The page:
Cute ‘what are you up to’ morphed into harassing check-ins and having to send ‘proof’ of where I was or who I was with. I became removed from friends and family, scared that by visiting them, he would become angry at me. I apologised for every single thing I did – pre-empting the inevitable punishment of being ignored, or an argument. I became stuck in a job I hated because I was actively discouraged to achieve or follow my own dreams – my ambitions didn’t matter to him, and eventually, they didn’t matter to me. My job paid so little, I was financially dependent on him, and what little money I did have went towards paying ignored bills while he spent money on extravagant gifts for himself. I found myself doing anything I could to receive his attention – cooking elaborate meals, doing all of the housework, buying him gifts. But whenever it came time for sex – it was loveless, clinical and we rarely even looked at each other.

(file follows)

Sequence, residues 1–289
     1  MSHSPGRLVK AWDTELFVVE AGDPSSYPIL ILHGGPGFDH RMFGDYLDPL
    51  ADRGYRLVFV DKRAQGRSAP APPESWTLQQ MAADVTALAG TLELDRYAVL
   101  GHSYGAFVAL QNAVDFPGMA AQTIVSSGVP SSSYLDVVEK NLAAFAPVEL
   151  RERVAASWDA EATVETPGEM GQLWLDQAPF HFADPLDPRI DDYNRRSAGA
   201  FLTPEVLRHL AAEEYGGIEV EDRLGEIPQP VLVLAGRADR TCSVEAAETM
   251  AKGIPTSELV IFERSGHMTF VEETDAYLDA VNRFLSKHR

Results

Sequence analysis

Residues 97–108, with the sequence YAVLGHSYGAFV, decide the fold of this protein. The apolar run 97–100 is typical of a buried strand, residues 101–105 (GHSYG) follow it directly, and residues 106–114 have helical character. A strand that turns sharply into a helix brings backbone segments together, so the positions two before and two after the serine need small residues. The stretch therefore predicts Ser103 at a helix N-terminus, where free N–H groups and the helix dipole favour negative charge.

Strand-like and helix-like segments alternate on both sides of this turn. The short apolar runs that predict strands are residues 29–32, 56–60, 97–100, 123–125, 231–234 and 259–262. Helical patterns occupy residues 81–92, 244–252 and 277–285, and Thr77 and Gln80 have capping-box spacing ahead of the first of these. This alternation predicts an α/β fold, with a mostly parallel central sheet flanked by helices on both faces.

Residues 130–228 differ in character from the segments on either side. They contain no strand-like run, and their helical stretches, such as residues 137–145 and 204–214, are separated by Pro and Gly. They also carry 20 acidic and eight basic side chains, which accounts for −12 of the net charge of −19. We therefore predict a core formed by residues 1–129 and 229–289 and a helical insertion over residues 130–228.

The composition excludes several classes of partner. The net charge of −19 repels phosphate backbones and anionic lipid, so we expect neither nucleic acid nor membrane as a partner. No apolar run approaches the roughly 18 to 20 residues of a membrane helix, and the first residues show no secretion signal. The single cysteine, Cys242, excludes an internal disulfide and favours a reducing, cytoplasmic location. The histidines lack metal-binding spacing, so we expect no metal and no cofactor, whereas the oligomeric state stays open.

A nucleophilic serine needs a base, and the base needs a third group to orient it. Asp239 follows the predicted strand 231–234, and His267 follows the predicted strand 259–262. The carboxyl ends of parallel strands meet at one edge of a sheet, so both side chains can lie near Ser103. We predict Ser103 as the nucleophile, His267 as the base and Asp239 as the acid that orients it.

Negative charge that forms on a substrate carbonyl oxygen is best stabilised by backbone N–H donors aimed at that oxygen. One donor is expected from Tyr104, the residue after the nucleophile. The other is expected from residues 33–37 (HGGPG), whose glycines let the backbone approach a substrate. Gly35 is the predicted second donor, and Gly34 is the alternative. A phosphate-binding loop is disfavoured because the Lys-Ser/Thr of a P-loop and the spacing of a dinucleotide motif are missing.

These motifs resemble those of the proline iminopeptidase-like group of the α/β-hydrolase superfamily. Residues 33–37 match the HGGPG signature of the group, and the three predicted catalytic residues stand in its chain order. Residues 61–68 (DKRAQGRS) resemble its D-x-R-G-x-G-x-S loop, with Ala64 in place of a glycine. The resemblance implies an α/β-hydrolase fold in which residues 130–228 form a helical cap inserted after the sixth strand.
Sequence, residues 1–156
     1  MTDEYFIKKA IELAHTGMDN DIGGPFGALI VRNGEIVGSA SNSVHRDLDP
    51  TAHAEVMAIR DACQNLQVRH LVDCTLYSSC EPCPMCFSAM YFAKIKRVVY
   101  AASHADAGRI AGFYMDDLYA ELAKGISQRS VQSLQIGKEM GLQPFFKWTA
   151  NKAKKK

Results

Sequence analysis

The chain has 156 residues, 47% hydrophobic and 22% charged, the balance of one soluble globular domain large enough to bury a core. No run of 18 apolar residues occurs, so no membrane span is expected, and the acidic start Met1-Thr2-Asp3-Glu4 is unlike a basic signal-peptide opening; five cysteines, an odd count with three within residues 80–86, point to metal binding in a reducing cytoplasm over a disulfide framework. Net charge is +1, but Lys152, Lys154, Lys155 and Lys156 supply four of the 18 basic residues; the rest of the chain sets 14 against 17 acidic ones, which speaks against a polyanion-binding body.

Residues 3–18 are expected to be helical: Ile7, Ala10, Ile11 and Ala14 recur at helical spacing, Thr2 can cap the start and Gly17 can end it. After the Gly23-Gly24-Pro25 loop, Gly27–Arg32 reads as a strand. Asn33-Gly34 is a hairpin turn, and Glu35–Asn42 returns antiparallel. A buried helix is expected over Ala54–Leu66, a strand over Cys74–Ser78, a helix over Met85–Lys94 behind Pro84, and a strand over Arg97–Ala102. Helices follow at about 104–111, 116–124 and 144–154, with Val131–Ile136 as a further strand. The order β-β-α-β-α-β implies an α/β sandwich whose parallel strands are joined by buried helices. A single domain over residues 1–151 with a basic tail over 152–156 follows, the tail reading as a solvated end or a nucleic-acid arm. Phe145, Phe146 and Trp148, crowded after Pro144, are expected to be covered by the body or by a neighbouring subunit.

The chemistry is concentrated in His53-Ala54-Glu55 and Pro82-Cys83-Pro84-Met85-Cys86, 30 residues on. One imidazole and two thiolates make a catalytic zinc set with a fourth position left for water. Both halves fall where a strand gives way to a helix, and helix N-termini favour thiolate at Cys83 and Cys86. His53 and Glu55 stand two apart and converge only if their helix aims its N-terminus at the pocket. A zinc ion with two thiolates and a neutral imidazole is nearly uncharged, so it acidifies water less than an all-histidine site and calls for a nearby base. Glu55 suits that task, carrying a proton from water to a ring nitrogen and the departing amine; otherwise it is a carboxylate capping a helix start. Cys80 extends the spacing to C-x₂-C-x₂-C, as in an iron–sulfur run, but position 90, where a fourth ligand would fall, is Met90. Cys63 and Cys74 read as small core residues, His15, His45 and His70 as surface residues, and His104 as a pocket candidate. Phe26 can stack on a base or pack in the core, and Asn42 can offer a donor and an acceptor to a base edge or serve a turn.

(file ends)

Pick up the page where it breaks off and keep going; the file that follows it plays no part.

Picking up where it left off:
I had never felt so lonely in my whole life. I found myself spiralling unaware into a deep and unforgiving depression. I couldn’t see an escape from him, from the situation I had found myself in. I had alienated so many people from my life for him – I didn’t know what to do. The first time I had ever considered hurting myself was a product of fate, and presented itself as a way out. I ended up in hospital very briefly and even though I’d like to say that it was the wake up call that I needed, unfortunately, that was still to come.
A good few months later, I woke up and knew that it was the day I was going to leave him. I was terrified and hysterical but I knew deep, deep down that I had to. I completely fell apart. I was a shell of myself and I could not be more thankful for my friends and family who welcomed me with open arms and enveloped me with love and support.